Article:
Extra parenthesis at loss function

(Ali Mirzaeyan) #1

can anyone explain what is the difference between these two pieces of code:

b = nn.MSELoss(output_x, x_labels)
a = nn.CrossEntropyLoss(output_y, y_labels)
loss = a + b
b = nn.MSELoss()(output_x, x_labels)
a = nn.CrossEntropyLoss()(output_y, y_labels)
loss = a + b
(Juan F Montesinos) #2

In the first case you are instantiating the class passing those parameters as arguments.
In the 2nd case you are instantiating the class, calling the instance with two inputs and assigning output to b and a.

Does the 1st case even run?

(Ali Mirzaeyan) #3

No the first one is not working. I’m a little bit confused with the “constructor” which will be used by init and the “forward” function in the pytorch classes. whenever we instantiate a class the constructor will run automatically. and when we call an instance of a class the “forward” function will run automatically. am I right ?

(Juan F Montesinos) #4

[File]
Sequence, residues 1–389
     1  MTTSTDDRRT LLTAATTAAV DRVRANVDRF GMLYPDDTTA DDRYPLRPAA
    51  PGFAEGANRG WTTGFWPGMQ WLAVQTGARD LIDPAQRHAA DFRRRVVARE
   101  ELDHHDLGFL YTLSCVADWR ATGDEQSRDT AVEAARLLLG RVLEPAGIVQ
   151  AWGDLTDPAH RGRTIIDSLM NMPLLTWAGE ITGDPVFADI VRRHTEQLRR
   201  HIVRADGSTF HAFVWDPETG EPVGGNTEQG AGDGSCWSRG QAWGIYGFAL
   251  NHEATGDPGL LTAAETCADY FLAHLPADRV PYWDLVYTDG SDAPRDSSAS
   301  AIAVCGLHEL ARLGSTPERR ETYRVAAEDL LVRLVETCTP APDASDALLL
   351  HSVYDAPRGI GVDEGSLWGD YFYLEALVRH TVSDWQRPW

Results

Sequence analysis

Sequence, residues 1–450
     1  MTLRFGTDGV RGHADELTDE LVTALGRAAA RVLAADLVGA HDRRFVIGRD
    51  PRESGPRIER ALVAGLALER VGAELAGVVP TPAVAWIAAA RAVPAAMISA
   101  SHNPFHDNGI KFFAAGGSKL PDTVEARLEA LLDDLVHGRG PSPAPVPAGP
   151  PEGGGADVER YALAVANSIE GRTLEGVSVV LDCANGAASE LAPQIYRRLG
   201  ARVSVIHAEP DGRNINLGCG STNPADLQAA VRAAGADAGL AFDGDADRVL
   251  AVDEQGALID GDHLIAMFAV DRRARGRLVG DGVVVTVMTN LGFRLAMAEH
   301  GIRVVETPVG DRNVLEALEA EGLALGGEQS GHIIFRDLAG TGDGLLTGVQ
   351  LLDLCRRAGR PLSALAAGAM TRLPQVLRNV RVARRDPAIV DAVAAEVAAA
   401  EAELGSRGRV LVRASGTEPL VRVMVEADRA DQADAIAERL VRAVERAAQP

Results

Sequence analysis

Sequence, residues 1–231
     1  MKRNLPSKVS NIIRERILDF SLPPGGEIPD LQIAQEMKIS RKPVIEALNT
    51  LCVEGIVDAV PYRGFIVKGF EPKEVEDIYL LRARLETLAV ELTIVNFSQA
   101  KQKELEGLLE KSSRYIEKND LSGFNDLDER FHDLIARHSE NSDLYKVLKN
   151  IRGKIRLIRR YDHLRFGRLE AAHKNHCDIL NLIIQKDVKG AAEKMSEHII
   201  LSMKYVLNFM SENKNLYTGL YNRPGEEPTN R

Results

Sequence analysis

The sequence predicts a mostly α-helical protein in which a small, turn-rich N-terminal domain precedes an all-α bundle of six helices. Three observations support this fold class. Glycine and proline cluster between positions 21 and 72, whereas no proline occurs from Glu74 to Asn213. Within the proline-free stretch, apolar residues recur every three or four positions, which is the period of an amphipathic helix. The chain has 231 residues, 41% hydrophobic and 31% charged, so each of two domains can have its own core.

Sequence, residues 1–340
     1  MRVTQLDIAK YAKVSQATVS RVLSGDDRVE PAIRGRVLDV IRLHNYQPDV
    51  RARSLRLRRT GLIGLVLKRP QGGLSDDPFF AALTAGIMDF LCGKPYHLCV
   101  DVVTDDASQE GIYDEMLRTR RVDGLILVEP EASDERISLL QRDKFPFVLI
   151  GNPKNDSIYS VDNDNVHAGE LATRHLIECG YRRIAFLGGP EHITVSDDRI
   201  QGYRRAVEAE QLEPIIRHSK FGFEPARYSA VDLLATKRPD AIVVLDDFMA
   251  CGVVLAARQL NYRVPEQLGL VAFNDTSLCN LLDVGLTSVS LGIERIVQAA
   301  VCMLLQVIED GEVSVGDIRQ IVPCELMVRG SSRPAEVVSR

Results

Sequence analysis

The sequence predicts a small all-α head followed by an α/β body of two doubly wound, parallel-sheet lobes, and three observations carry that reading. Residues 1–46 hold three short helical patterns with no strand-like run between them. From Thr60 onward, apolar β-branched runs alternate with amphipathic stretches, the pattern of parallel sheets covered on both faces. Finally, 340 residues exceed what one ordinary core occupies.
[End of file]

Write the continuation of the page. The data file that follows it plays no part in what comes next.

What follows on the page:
It’s a pythonic thing.

A class is a scheme of an object. When you instantiate a class, you are creating an object (an instance) which has specific properties. Constructor is a function called automatically during that process in which you can set up some variables, paramters etcetera…

Once you have that object, which has been defined in the init method, you can call it. By calling, I mean to use it as a function itself.

You could rewrite second funtion as

mse_loss_function = nn.MSELoss()
b=  mse_loss_function(output_x, x_labels)
a= cross_entropy_loss_function(output_y, y_labels)
loss = a + b

This does exactly the same than you snippet but following the logical way of coding. You instantiate the class “MSE” and you use the object called mse_loss_function as a function.

But yeh, you are right, init is the constructor which instantiates and when you call the instance it runs forward